Holy Cow! Vet finds 40kg Plastic Waste in Cow’s Belly

Holy Cow! Vet finds 40kg Plastic Waste in Cow’s Belly

Plastic waste weighing over 40 kg was found in a cow’s belly at Kadur in Chikkamagaluru, by a veterinary doctor while treating the animal after it met with an accident.

Mangaluru: Cows are one of the most controversial species in India with some attempting suicide for naming the cow as mother of the nation, Gau Rakshak’s beating up people for protecting cows and political parties banning beef to protect the animal that us worshiped in India. But amid the chaos around the holy cow, few people truly care about what happens to the animals left to wander in the streets, falling victim to poisoning by consuming plastic waste. Here in Mangaluru, we have these saffron groups holding prees meets demanding to ban cow slaughter, illegal trafficking of cattle etc-but have they thought of bringing awareness among the public that many cows that wander on the streets suffer and die feeding on garbage, included plastic waste.


The shocking consequences of such a situation was reflected in the media , which showed 40 Kg of plastic retrieved from a cow’s stomach by a veterinary doctor while treating a cow which had met with an accident. But as alarming as the discovery might look, it’s just the tip of the iceberg. If you look at some of the areas in Mangaluru, you see a bunch of stray cows feeding on the garbage, including waste plastic. Almost every cow grazing in the streets of Indian cities, including Kudla is consuming toxic polythene, and a minimum of 35 to 40 kilos of plastic is present in an average cow’s stomach, according to survey. While 45 kilos was a huge amount, it can go up to more than 50 kilos depending on the size and weight of the animal, sources reveal.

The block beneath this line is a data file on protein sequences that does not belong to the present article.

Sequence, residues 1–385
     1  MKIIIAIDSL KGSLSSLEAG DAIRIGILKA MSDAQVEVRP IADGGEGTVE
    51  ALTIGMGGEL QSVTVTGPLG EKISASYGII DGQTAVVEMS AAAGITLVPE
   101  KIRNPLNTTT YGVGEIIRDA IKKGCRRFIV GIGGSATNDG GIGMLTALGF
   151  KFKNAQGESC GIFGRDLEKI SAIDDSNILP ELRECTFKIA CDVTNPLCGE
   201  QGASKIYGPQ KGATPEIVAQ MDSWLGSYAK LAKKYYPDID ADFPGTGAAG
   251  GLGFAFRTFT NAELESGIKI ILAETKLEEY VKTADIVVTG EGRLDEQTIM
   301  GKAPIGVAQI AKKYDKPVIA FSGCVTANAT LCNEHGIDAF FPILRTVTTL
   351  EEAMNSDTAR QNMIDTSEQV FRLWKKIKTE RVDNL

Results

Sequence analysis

Due to infrastructure in the city which has led to a shortage of grass to graze, also due to scarcity of water, cattle are forced to survive on food waste, and eventually end up ingesting polythene from garbage dumps, which is not only fatal to cows, but also ends up contaminating milk which causes health issues and even cancer among those consuming the toxic milk. Just look at some places in the Bunder area, also while you enter the Panambur beach-every evening cows feed on the garbage which also have plastic waste in it.

Now coming to the real story- Plastic waste weighing over 40 kg was found in a cow’s belly at Kadur in Chikkamagaluru. A veterinary doctor discovered this while treating the animal after it met with an accident. The five-year-old cow belonging to Mahesh Kumar, a resident of the town, was hit by a KSRTC bus one evening. The animal had a deep cut on its belly. Kumar called Dr. Kotresh, the veterinary doctor. Meanwhile, people, who had gathered at the spot, noticed a black object coming out of the belly. The doctor noticed that it was plastic waste, and started to remove the bags one after the other.